Michael Terpin, the crypto investor who lost $24 million worth of crypto after a sim swap hack, has called for the Federal Communications Commission (FCC) to end the “scourge” of sim swap hacks in an open letter to FCC chairman Ajit Pai. In the letter, Terpin, who is suing mobile provider AT&T because of their involvement in the theft, calls for the commission to take three actions which he says will dramatically reduce the chances of further sim hacks, which he says are on the increase.
Sim Swapping “Cancer” is Growing, Says Terpin
Terpin, the co-founder of BitAngels crypto investment group, was compromised twice in seven months in 2017-18, with one hack allegedly being the work of an “insider” at mobile company AT&T, resulting in him suing them for the loss. Terpin says in the letter to Pai that the FCC has made “laudable decisions on behalf of consumers” over the years, particularly with respect to robocalling and telemarketing, which have been successful in protecting customers, but very little is being done to tackle “the fastest growing cancer on the mobile consumer landscape: the hacking of personal information, accounts, identity theft and money via a growing crime called “SIM swapping” or “sim jacking.” Sim swaps, Terpin says, are “orchestrated by highly sophisticated, repeat offender, criminal gangs” who have stolen tens of millions of dollars through the practice, which the individual companies seem unable, or unwilling, to address.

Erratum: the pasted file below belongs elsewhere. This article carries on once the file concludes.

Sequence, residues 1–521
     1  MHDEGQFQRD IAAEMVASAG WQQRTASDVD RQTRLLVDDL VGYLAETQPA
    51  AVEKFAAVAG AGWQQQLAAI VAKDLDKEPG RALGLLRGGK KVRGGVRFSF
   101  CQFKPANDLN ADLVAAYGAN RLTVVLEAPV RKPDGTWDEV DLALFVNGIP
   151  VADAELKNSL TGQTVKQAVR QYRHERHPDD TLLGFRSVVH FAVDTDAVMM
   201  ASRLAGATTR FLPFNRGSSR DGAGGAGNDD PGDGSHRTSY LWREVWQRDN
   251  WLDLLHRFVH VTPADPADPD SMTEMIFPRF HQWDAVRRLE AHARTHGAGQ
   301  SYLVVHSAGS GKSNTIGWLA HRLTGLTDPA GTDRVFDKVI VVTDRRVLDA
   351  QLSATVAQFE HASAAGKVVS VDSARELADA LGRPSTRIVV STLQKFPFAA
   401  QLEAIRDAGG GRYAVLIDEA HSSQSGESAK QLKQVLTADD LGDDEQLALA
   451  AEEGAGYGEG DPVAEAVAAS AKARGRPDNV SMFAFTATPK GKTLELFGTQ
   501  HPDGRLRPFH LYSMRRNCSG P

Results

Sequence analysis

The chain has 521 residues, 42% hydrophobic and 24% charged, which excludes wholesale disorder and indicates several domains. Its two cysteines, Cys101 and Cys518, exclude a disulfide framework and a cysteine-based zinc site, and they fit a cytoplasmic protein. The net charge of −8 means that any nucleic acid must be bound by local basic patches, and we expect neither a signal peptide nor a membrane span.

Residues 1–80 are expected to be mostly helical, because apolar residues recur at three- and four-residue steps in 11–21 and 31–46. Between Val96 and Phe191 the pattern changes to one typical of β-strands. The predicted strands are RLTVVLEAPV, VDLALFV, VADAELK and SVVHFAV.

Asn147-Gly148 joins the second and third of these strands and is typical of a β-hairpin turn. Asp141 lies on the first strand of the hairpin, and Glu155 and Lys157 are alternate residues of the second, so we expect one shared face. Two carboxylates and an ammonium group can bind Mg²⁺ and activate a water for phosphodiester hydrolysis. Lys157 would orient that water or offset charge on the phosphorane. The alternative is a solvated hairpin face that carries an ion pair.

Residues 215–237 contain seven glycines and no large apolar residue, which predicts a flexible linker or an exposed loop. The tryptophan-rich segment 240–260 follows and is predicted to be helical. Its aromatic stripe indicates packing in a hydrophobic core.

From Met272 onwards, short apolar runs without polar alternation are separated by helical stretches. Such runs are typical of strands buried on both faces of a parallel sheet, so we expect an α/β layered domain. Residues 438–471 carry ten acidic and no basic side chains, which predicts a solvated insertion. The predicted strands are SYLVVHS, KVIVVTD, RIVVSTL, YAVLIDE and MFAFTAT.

Three-pronged Attack Recommended
Terpin suggests a three-pronged attack on tackling sim swapping: the physical punching in of account PINs and passwords rather than reading them aloud to retail clerks or call center employees; the option of a high-security mobile plan, with automatic no-port option; and an immediate, comprehensive study of this area of the industry with recommendations for mandatory reforms. He claims that the first two recommendations would be “easy to implement”, something that the mobile carriers themselves may not wholly agree with. The practice of sim swapping was brought into the media focus last year when Joel Ortiz, the leader of a criminal gang, was arrested for orchestrating a mass sim jacking campaign at 2018’s Consensus conference in New York, which saw him hack more than 40 phones and steal $5 million worth of cryptocurrency from attendees.